Throughout his poetry, Dickey employs shockingly bizarre or ludicrous images to communicate the alien position of nature in the "civilized" world. Indeed, the juxtaposition of the world of nature and the world of man often leads to grotesque incongruities. Things seem severely twisted by comparison. In the sea, the shark finds a natural home: in the parlor, its presence becomes unnatural. The poet sees civilization as so far removed from nature, its primal antecedent, that only such aberrations can aptly depict their relationship and, as he implies, possibly restore them to harmony and order.
Dickey makes it clear, however, that what seems to be unnatural is only so because of its context in a civilized world, and that these deviations actually possess a vitality which modern man has lost. In "Kudzu," for example, nature's power flows from the plant to the speaker, who needs its strength even though his civilized character dictates that he must destroy the giver. (p. 39)
The kudzu provides a kind of transfusion of nature's power into a human body that is somehow deficient, what H. L. Weatherby terms "the way of exchange," a mysterious regenerative process which may take place between man and his opposites." With the "green sword twined among / the veins" … the arm grows and takes on new strength. Such vigor does not come from "proper shaved fields" or "safe cows,"… nature which has been tampered with by man, but only from nature which refuses to be harnessed by man. While he sleeps, the power comes to him despite the closed windows, and in him it prospers. His waking self, however, finds it necessary to root the invader out or risk destruction by an irrational force. Yet the alien plant has made an impact on the civilized world, and in remembering, man is acknowledging his own need of a power which only nature can provide.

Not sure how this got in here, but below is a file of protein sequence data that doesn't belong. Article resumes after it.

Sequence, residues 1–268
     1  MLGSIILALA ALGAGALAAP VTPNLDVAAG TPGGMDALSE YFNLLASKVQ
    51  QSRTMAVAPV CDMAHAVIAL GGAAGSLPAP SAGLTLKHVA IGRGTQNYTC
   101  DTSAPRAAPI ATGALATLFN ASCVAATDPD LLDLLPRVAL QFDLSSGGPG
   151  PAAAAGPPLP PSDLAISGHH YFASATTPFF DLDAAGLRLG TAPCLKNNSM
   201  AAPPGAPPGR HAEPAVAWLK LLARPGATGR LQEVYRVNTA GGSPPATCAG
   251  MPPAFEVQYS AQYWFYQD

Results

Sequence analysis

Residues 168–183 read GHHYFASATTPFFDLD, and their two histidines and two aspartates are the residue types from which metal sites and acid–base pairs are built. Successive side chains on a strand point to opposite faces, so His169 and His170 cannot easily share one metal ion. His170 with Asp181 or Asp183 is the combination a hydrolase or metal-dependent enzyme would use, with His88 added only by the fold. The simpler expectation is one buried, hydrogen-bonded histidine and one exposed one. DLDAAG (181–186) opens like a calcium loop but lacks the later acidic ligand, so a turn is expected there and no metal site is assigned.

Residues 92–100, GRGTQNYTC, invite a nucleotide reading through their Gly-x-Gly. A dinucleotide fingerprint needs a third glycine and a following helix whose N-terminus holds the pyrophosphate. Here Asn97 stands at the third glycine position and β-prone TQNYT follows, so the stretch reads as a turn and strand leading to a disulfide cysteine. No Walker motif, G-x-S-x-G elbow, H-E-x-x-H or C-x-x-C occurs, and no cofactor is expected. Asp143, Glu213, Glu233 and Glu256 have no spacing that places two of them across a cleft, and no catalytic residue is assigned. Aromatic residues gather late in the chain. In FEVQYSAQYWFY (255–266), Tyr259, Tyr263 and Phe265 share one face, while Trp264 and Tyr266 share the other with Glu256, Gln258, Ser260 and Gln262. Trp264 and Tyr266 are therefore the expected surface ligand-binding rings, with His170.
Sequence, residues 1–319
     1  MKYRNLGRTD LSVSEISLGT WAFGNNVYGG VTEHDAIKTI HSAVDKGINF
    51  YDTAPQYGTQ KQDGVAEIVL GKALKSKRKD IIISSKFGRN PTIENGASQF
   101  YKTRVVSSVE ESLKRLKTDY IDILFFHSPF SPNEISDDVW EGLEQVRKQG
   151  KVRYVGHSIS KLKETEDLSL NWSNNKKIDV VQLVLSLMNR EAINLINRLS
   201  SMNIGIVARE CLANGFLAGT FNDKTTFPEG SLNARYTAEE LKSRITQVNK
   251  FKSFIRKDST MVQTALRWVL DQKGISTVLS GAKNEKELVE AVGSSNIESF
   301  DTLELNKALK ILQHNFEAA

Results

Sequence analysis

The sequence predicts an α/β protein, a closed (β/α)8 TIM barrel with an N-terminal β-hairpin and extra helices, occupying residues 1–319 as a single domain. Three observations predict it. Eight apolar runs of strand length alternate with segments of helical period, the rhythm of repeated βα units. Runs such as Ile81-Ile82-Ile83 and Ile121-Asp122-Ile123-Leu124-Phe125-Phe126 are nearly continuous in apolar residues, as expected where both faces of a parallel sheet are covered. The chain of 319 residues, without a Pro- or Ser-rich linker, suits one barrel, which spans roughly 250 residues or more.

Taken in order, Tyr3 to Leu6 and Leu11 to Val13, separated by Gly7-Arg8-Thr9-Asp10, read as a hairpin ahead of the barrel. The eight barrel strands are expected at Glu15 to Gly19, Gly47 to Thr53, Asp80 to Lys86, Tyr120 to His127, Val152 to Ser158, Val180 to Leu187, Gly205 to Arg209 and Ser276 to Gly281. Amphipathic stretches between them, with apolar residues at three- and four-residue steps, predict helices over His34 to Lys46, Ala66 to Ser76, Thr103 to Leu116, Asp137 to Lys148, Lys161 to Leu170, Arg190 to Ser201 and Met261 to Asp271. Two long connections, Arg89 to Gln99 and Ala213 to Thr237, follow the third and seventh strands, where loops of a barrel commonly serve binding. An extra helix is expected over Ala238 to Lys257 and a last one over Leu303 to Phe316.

In "The Sheep Child," Dickey once again depicts the relationship between rational man and irrational nature through a bizarre image. Though Georgia farm boys admit the masturbatory function of nature in their wild need "to couple with anything,"… their fear of the product of complete irrationality in man, the sheep child, forces them to be civilized. Like the legend of the kudzu, the story of the "woolly baby pickled in alcohol" … in an Atlanta museum serves as a grim reminder of what happens when the irrational takes control. Such "things can't live" … because man and nature pose two extremes which are seemingly irreconcilable. (pp. 40-1)
In the figure of the sheep child, Dickey credits himself with having created the most unique persona in literature. This grotesque combination of two worlds, the world of nature and the world of man, speaks "merely with his eyes,"… perhaps a Platonic reference to the dwelling place of the soul. (p. 41)
Dickey uses the imaginary sheep child to represent nature denied and man diminished as a consequence…. The fear which keeps farm boys from coupling with animals and forces them "deep into their known right hands" … is civilized man's rejection of the irrational within himself. The memory of the sheep child drives man to marry and to raise his kind, and, in doing so, it becomes a civilizing tool….
In "The Fiend," Dickey employs the unnatural in the same manner and for the same purpose as in "Kudzu" and "The Sheep Child," bringing the power of nature to the civilized, normal world. The fiend specifically embodies the sexual power in nature which becomes grotesque when concentrated in this one unlikely man. A Jekyll and Hyde figure, by day he is the most ordinary of people, a worried accountant who somehow epitomizes the tedium and mediocrity of civilized existence. At night, however, he transcends this dreary state, though he never quite discards its trappings, the straightened tie and pocketful of pens given him by salesmen. When he assumes the role of voyeur, the accountant loses many of his human characteristics and as a consequence becomes in harmony with...
(The entire section is 5,957 words.)